Last week, Turkey saw proposals for the abolishment of these courts, raising concerns that in the event of such a move, there will be no progress in ongoing judicial proceedings where the suspects are accused of having plotted to stage a coup or of involvement in terrorist activities, which in turn could hinder the country’s democratization process and security.
Opposition parties made the proposals for the abolishment of these courts following a move by the Justice and Development Party (AK Party) government to provide a legal shield to intelligence officials. The AK Party took such action after a specially authorized prosecutor summoned National Intelligence Organization (MİT) Undersecretary Hakan Fidan and four others to testify in the ongoing investigation into the Kurdish Communities Union (KCK), which Turkish prosecutors say is a group that controls the outlawed Kurdistan Workers’ Party (PKK) and other affiliated groups.
The government proposed a bill in Parliament last week to stipulate that permission must be obtained from the prime minister ahead of investigations into intelligence officials. Claiming that adoption of such a bill would violate the principle of equality before the law, opposition parties called for the abolishment of specially authorized courts.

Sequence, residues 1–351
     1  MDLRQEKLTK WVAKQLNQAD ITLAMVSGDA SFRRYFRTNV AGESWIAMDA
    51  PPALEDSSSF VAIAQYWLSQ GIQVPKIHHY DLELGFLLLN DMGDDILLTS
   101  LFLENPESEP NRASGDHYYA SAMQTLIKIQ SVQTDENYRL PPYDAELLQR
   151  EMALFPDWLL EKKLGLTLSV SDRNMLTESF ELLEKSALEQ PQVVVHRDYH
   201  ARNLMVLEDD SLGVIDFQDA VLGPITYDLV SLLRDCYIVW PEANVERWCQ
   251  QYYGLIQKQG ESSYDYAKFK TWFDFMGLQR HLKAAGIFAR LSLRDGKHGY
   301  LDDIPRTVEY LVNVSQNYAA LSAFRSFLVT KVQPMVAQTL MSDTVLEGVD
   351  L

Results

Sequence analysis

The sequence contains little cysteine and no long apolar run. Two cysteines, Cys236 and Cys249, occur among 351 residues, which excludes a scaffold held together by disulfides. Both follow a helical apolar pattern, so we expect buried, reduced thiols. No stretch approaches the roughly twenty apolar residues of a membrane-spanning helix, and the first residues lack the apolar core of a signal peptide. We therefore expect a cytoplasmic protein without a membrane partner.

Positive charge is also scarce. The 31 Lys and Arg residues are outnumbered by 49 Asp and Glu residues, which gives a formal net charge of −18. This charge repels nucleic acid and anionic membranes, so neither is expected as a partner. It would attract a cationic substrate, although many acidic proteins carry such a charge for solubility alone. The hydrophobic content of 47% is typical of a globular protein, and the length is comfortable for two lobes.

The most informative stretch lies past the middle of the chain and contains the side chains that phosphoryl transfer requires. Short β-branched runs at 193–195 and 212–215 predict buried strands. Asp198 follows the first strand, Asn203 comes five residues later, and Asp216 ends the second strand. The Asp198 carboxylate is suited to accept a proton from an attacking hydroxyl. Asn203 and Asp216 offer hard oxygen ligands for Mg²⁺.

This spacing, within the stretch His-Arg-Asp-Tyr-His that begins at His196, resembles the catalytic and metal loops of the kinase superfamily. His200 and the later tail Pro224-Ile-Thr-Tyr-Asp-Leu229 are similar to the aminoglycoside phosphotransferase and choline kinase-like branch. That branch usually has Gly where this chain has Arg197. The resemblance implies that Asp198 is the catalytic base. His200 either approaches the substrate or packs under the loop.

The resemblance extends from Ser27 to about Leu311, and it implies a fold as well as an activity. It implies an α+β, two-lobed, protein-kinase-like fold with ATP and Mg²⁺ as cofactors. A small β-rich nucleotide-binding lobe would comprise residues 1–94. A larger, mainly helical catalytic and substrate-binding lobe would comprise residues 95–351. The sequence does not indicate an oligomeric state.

“Let’s abolish specially authorized courts. Let’s put an end to this scandal. Let’s trust the judges, let them be independent and free,” CHP leader Kemal Kılıçdaroğlu said last week, while BDP Chairman Selahattin Demirtaş noted, “The most effective and democratic way to resolve this crisis [over MİT officials] is the abolishment of specially authorized courts.”
Specially authorized courts and prosecutors who derive their authority from Article 250 and 251 of the CMK do not hear or investigate ordinary cases. The special authority given by Article 250 and 251 of the CMK to prosecutors allows them to investigate terrorist groups and crimes organized against the constitutional order. The article also vests civilian prosecutors with the power to investigate military personnel accused of crimes threatening national security, constitutional violations and attempts to topple the government in peacetime.
Since the adoption of Article 250 and 251 on June 1, 2005, Turkey has made significant progress in its democracy as the courts established under these articles have made it possible for prosecutors to investigate nine separate coup attempts and confront gangs and unsolved murders over the past seven years. In addition, thanks to the authority granted by these articles to prosecutors, some assassination and coup plans were foiled.
One of the major cases launched thanks to specially authorized prosecutors is the Ergenekon case, which began in 2007 when police discovered a house in the Ümraniye district of Istanbul being used as an arms depot. The case is seen as a milestone for Turkish democracy as Turkey has for the first time been able to confront shadowy structures nested within the state.